'TLS: We may all admit that Marshall Foch was the great strategical genius of the war'
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We may all admit that Marshall Foch was the great strategical genius of the war
TAFT, WILLIAM H. (1857-1930). Twenty-seventh president of the United States. TLS. With holograph corrections. (“Wm. H. Taft”). 1p. 4to. New Haven, April 25, 1921. On his personal stationery. To American newspaper editor Hamilton Holt (1872-1951).
The case of Marshall Foch is an exceptional one in the history of this country, and needs, therefore, exceptional treatment. He was in supreme command of the forces of the world, engaged in struggling to save the world from domination of militarism. He, therefore, commanded our army, of more than a million men, in the greatest war in history, and a war the like of which we are all struggling to make impossible hereafter. Without any individual distinctions, we may all admit that Marshall Foch was the great strategical genius of the war, and that he was able, in a marvelous way, to carry to successful demonstration the principles he had so lucidly set forth in his lectures on Military Science. When General Grant was dying at Mt. McGregor, and the heart of the whole country was throbbing with gratitude for what he had done in leading the army of the Republic to victory in our Civil War, and in saving the country whole, Congress enacted a law authorizing the President to appoint, and the Senate to confirm, as General of the Army on the retired list, at a salary of $12,000, a General who had commanded an army in the Civil War. President Arthur at once nominated General Grant, and the Senate at once confirmed the nomination; and this gracious and grateful demonstration of the feeling of the country toward him cheered the dying days of the national hero. It seems to me that using this precedent, with appropriate variations, the people of this country, through Congress and the President, may evidence to Marshall Foch, and to the people of France, our deep appreciation of the great services of this son of France to us and to the World.…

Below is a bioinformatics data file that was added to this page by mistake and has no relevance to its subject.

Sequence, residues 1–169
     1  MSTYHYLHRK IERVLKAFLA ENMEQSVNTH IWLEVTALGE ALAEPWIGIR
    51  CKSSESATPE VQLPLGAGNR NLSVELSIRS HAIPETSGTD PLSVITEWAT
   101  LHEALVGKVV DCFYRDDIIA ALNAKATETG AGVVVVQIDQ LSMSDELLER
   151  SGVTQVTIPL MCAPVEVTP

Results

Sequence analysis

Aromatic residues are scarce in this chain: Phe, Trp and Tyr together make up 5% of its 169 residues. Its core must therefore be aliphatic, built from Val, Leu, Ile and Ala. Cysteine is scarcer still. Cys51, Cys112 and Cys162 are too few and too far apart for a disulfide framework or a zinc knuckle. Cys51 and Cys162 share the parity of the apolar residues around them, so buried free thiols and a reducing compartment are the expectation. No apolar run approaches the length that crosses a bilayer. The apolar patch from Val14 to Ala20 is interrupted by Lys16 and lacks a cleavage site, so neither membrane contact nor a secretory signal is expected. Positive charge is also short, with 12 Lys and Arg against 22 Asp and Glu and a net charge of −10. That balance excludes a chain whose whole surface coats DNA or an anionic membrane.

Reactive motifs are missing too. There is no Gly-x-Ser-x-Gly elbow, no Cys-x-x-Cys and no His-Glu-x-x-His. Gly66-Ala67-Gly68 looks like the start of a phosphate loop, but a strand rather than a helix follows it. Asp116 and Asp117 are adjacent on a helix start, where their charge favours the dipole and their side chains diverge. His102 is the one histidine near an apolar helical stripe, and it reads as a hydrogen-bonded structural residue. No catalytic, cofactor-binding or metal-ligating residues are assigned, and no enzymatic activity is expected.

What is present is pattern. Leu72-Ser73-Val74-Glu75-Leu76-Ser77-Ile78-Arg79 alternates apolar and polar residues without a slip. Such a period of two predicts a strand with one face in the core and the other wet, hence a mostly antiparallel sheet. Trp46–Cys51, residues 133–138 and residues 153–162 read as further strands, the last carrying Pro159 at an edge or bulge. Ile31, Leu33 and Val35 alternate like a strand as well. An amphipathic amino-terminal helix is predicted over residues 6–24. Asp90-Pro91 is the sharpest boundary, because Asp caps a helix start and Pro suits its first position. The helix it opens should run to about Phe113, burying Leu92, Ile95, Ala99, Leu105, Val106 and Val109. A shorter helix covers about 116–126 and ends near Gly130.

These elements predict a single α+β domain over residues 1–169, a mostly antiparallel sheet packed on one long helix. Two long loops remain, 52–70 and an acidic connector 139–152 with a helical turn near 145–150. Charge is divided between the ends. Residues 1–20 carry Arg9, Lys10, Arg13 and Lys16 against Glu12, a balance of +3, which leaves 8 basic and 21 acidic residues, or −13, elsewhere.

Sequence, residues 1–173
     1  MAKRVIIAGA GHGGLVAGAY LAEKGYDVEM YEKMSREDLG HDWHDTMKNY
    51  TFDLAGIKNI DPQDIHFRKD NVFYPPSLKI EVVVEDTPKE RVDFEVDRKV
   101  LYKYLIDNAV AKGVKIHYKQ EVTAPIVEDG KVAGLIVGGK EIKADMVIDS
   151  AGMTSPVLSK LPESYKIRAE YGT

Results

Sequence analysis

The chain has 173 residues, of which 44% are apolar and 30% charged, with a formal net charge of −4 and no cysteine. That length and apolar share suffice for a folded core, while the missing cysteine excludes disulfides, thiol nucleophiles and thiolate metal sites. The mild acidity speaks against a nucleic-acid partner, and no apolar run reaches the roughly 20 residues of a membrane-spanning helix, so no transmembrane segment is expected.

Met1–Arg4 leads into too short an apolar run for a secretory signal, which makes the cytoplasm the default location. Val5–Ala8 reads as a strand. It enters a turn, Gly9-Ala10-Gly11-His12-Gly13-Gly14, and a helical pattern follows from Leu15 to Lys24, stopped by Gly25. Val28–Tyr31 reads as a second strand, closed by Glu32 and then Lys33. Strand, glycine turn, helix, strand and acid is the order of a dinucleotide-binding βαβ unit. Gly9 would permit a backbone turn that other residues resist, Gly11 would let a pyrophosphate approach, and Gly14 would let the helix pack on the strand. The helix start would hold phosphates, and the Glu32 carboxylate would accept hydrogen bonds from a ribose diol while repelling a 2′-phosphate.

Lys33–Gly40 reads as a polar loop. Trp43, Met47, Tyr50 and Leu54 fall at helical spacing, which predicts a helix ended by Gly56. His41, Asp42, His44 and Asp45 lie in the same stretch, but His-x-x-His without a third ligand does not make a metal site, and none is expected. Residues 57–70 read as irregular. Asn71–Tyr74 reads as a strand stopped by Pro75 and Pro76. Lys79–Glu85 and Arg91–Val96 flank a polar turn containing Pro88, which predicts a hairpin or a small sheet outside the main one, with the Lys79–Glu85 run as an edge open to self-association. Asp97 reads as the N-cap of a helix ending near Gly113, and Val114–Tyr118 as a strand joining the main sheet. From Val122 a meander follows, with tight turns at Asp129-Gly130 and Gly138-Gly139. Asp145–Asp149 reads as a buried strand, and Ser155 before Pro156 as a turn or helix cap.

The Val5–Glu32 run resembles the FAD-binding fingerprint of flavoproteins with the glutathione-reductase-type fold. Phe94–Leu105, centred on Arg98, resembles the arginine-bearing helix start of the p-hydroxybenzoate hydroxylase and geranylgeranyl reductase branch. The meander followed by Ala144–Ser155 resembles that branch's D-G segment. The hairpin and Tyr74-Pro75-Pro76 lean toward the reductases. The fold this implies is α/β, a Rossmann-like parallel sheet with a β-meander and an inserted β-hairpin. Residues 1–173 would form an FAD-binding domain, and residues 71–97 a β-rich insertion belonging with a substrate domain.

In 1914 Ferdinand Foch (1851-1929) checked the invading German troops as they fanned across French territory. A brilliant tactician, he was largely responsible for General Joffre’s crucial victory at the Marne and in 1918 he became commander of the allied armies on the Western front. His strategic and well-panned attacks led to the German army’s withdrawal and the November 11, 1918 armistice that ended hostilities. He made important contributions to the armistice negotiations and the Paris Peace Conference that followed. In an editorial for The Independent, Holt acknowledged Foch’s importance to the allied victory observing that he had been the de facto commander-in-chief of the U.S. armies in France during World War I and compared him to the French general and American Revolutionary War hero Marquis de Lafayette. After sending proofs of the editorial for comment, Holt received letters from both Taft and Wilson, the two ex-presidents still alive at the time. The latter deeply disliked Foch for his perceived intransigence during the negotiations that lead to the final peace treaty. Taft’s letter, in which he compares Foch to American general and president Ulysses S. Grant (1822-1885), was printed in The Independent along with the editorial. Taft also mentions President Chester A. Arthur (1829-1886), a Republican like Taft and Grant. Appointed Yale University’s Kent Professor of Constitutional Law upon leaving the presidency, Taft also served as joint-chairman of the National War Labor Board beginning in April 1918. He remained at Yale until his appointment as chief justice of the Supreme Court on June 30, 1921, becoming the only U.S. president to serve on the court. Holt, a graduate of Yale and editor of The Independent from 1897-1921, was an ardent social reformer and a founding member of the National Association for the Advancement of Colored People. From 1925 to 1949 he served as president of Florida’s Rollins College. Folded with a partial paperclip stain at the top left corner; in fine condition.